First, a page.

This is your brain on snail mail
Print outperforms digital in groundbreaking neuromarketing research
Need proof that direct-mail campaigns still have legs? Look to science. According to a new report by a leading Canadian neuromarketing firm, printed marketing materials have a greater impact on the human brain than the banner ads, pop-ups and email newsletters that target consumers online.
“This is a critical, never-beforeseen customer insight that would be inaccessible through surveys and focus groups,” says Diana Lucaci, CEO of True Impact Marketing, the Toronto firm behind the study, the largest of its kind to date.
Lucaci and her team used the tools of neuroscience — brain imaging (EEG) and eye-tracking technology — to measure customer engagement. The study’s 270 participants reviewed mock ads in both print and digital formats, while researchers measured their eye movements, pupil dilation and electrical brain activity. They also conducted post-exposure memory tests to see which messages had the most staying power. The verdict: “The physical is easier to understand, it’s more memorable and it’s more persuasive,” says Lucaci. “That’s the key when you look at the big picture.” The easy way in The clincher in neuromarketing terms was the so-called cognitive load required to make sense of the digital samples. In these experiments, it took 21 per cent more brain power to process the digital messages. “This is a critical point,” says Lucaci’s report, “because consumers always prefer the path of least resistance, and direct mail offers exactly that.”
Consider the effort it takes to read a digital ad. “There are so many other things happening onscreen that make it difficult for customers to understand your message,” explains Lucaci. “Our brains are not designed to function at that level of cognitive effort.” Replacing multiple screens and other digital clutter with a welldesigned physical copy helps the mind focus.
The tactile quality of print can also help customers retain key marketing messages. In the True Impact report, brand recall was 70 per cent higher for direct mail than for digital advertising.
Even more revealing were the motivation scores, which were 20 per cent higher for print. “The extent to which the physical is motivating was both significant and surprising,” notes Lucaci. Customer motivation was also higher when a tropical fruity scent was added to a printed travel offer. “You add scent and all of a sudden the brain is a lot more reactive,” says Lucaci. Leaving an impression This isn’t the first time neuroscientists have compared consumer responses to print versus digital advertising. A 2009 report commissioned by the U.K.’s Royal Mail, and conducted by researchers at Bangor University, used functional magnetic resonance imaging (fMRI) scans to study how the brain reacts to print and virtual stimuli.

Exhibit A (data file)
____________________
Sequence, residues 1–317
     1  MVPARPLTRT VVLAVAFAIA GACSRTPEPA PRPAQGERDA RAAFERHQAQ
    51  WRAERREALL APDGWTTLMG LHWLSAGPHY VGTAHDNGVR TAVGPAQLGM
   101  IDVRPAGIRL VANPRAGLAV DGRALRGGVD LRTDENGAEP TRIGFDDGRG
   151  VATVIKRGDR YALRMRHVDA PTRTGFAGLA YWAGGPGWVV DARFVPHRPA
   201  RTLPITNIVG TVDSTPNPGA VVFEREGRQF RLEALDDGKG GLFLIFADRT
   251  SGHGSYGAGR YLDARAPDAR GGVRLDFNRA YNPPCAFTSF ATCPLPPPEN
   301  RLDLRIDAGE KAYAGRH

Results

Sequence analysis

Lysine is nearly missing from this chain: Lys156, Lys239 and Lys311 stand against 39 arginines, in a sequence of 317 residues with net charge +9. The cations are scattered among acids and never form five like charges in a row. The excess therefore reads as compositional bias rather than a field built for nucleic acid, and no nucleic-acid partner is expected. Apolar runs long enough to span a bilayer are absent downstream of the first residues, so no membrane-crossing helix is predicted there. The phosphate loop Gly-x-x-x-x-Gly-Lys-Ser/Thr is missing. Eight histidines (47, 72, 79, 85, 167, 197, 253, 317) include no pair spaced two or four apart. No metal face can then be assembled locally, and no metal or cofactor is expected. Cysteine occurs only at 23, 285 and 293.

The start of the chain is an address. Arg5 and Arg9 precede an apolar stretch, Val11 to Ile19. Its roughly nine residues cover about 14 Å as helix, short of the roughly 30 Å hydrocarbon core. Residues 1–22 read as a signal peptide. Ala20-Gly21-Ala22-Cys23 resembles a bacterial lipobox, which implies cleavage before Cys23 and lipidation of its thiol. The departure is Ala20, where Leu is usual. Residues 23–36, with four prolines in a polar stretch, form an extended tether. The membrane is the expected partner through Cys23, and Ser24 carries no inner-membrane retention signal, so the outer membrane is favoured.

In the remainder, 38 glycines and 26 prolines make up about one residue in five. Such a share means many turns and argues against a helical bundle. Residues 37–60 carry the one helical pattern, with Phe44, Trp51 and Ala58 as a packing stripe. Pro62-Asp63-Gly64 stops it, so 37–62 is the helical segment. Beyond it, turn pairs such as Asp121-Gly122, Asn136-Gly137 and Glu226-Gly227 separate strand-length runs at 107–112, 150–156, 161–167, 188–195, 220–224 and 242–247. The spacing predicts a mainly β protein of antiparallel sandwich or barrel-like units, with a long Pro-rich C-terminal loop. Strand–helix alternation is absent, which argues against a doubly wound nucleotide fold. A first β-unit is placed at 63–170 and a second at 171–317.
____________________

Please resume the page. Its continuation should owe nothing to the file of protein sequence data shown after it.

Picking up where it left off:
Not only did print ads trigger more activity in the parts of the brain connected with feeling, they also appeared to leave a deeper, more memorable footprint.
Earlier in 2015, scientists at Temple University conducted similar experiments and found that paper ads lit up the ventral striatum — the part of the brain most associated with desire.
If you believe the science, print materials have an enduring and powerful role to play for marketers — even in an increasingly wired world. “Think of your customer as a human being and don’t ignore hundreds of years of evolution,” says Lucaci.
“Our brains prefer tactile experiences because that’s just how we’re wired.”
Replacing multiple screens and other digital clutter with a well-designed physical copy (such as mail) helps the mind focus.